So, how does one stay current on the latest technologies and the latest thinking on food safety? By getting involved. I think of this as a “ripple effect”. It’s like a drop of water splashed into the middle of a pond.  The ripples increase in size as they reach the shore.  The same thing is true with getting involved to build your food safety knowledge. A little drop of information obtained at a conference, off the internet, or at an ag extension service meeting can be shaped and molded and implemented in your business to impact the food safety performance of your company. However, the information is not simply going to find you; you need to search it out. You can do that by getting involved with your trade associations, by visiting Web sites like the PMA site to get food safety updates and find other useful linked sites, and by supporting the research efforts of the Center for Produce Safety or your local university that is actively engaged in food safety research.

     

    Always remember, as your business changes, so does your food safety risk profile.  You should be constantly in the mode of updating and re-evaluating. If you add a new product line or a new packing machine, re-examine your risk assessment to be sure all new potential risks are managed. Don’t ever assume they are. Go through the process of risk evaluation – it is a chance for employees to learn, and a chance to improve your performance. Having a mindset of continuous improvement can and will transfer to other aspects of your business activities and have a positive impact on your business culture.

     

    Julia:

    Thank you, Bob. We all know how dynamic our industry is and certainly the food safety component is no exception. That commitment to continuous improvement is a skill that will pay off in plenty of other management areas as well, in addition to food safety.

     

    Thanks very much to our listeners, please join us again next time!

    Building a Food Safety Culture, Part 5 – Communication

    Tuesday, August 11th, 2009

    Julia Stewart:

    Hello, welcome back to PMA’s audio blog, “Ask Dr. Bob.” I’m Julia Stewart. PMA’s Chief Science Officer Dr. Bob Whitaker is back with me to continue our discussion of the four basic attributes of a food safety culture.  So far we have covered the attributes of Responsibility and Knowledge.

     

    Bob, what role does Communication, the third attribute, play?

     

    Bob Whitaker:

    Julia, communication should be directed in two ways: internally, at your own employees and externally to suppliers, vendors, customers, and consumers. First let’s talk about internal communications. 

     

    We all set goals every year for hitting specific sales numbers, controlling operational costs, employee retention, or overall profitability. To truly integrate food safety into our corporate culture, we also need to set food safety goals for our companies, and develop tools to measure food safety performance as a company.  It is even more effective when these company food safety goals are communicated throughout the organization and individual employees “own” these goals as part of their personal performance plan.

     

    Employee communication is vital to make sure your workforce understands how important food safety is to the company. You need to ask yourself, can our employees speak with authority about our programs, and explain them adequately to others? Each employee should know how they fit into the food safety scheme. For example, the guy at the purchasing desk plays a vital role in your corporate food safety program. If you are short on a product, and your buyer sources from a buddy because he can get it fast and at a good price but has no knowledge of whether the grower even has a food safety program, then he has just compromised your program and put your company at risk. That purchasing employee needs to understand the goals of your corporate food safety program and why his or her role is so vital in that plan.  On the other hand, if your sales person can answer food safety questions for customers, that can only help bolster their confidence in your programs. In addition, involving all your employees in the program and setting goals can become a source of pride and help give your company an identity.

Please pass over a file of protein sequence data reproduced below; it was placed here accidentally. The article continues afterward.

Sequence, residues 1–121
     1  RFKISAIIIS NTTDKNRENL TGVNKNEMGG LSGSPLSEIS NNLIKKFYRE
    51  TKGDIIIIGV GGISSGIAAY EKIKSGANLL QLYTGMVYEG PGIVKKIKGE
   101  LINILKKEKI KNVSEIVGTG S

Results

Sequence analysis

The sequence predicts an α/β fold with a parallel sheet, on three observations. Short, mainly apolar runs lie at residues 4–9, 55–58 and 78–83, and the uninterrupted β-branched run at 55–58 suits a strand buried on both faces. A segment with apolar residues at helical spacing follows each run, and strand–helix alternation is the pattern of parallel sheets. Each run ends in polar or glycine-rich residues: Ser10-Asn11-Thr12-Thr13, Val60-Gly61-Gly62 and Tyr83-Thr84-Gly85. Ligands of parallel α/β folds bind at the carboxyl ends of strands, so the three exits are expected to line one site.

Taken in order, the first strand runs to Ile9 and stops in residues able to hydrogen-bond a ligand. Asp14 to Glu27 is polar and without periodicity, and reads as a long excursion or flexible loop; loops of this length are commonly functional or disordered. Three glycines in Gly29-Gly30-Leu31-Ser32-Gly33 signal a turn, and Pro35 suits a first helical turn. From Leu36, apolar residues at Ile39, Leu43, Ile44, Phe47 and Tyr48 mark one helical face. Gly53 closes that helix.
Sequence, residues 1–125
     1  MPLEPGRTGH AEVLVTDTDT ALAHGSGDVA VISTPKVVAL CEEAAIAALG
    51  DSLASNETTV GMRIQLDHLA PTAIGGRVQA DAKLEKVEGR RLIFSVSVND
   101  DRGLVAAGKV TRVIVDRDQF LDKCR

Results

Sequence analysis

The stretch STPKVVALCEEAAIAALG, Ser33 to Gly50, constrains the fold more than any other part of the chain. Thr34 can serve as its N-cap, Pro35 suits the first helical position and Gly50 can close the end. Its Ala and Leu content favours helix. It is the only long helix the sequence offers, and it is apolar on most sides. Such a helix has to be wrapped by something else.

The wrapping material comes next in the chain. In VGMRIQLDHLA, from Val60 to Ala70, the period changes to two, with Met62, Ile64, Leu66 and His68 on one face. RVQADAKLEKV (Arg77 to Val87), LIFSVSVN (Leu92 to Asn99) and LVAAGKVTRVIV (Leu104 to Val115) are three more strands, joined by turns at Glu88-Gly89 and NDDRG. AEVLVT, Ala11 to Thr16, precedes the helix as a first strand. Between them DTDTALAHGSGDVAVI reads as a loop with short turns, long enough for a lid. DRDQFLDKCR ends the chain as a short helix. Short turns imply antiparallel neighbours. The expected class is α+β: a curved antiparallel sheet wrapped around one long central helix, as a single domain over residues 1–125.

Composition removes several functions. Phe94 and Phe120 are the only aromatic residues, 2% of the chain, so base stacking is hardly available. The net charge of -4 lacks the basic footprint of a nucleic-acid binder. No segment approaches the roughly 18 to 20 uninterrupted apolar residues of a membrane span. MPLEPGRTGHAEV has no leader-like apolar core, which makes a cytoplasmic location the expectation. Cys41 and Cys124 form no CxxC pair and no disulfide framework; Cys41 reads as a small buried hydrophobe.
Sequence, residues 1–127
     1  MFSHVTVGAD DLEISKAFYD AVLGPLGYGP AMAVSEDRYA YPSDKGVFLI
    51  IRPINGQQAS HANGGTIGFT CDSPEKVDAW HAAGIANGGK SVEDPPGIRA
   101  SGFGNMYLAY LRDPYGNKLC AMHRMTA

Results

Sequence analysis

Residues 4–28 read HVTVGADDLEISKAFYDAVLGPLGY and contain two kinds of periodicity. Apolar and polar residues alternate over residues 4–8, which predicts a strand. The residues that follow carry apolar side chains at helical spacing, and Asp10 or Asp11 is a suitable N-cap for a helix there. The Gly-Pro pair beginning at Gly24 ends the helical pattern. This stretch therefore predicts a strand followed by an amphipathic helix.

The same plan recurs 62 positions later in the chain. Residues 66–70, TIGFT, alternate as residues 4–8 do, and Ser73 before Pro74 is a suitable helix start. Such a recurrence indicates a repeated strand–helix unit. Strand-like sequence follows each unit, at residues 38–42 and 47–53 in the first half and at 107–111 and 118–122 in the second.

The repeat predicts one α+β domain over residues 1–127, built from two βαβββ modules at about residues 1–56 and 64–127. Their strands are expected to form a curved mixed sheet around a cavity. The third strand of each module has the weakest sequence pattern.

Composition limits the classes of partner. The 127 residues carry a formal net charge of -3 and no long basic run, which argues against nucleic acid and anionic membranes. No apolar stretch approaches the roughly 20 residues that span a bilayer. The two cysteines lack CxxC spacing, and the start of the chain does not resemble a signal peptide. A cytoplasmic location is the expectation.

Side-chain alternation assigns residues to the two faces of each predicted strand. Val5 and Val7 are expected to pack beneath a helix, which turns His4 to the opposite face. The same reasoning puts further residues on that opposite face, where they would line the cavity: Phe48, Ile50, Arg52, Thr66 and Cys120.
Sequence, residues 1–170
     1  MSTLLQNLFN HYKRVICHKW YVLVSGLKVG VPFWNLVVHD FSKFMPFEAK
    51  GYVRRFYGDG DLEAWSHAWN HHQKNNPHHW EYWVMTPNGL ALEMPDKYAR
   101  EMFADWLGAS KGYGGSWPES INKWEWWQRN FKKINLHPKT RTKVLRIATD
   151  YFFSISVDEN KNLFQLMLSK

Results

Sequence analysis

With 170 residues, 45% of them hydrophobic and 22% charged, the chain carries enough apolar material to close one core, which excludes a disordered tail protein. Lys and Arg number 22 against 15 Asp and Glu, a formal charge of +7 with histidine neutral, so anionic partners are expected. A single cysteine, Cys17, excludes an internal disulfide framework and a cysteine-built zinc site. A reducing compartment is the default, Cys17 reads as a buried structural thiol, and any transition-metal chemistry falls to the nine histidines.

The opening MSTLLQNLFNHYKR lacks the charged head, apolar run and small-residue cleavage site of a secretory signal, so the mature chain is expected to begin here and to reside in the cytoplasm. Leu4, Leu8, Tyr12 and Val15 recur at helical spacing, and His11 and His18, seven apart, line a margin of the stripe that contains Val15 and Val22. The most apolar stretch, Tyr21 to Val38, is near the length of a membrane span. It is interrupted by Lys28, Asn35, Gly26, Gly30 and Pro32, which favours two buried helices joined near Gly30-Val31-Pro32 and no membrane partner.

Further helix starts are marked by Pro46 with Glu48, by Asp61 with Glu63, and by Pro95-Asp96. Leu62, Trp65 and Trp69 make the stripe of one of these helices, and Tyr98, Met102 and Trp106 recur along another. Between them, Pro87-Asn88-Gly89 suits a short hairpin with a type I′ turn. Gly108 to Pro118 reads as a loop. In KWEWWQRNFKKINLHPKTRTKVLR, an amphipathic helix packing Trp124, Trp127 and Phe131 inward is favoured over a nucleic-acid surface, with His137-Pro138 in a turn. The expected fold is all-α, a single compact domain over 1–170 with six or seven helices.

External communications also need to be part of your food safety programs. Your suppliers need to be as passionate as you are about food safety – and you need to reward those that share your commitment to food safety with your business.

     

    Finally, also be sure your customers are aware of your commitment. You accomplish this by becoming a true partner with them on this issue. Create data sharing capabilities where customers can access food safety data like audits, product tests, risk assessments, HACCP data, and other related food safety information. Transparency builds confidence and this type of openness and dialogue creates “touch points” where employees on the sales desk, product development, marketing, production and food safety can reach out to your customers and reinforce your commitment to food safety in the course of daily business transactions. 

     

     Of course, the time to communicate is now, don’t wait until a crisis occurs. We need to aggressively seek out opportunities to speak about our programs and address supplier, customer and consumer concerns every day.

     

    Julia:

    Thank you, Bob. PMA’s consumer surveys show that the more information consumers have, the more confident they are about overall food safety. As a public relations professional with both marketing and crisis management expertise, I am completely sold on the importance of strong Internal and external communication, delivered sooner rather than later.

     

    Thanks very much to our listeners, please join us again next time!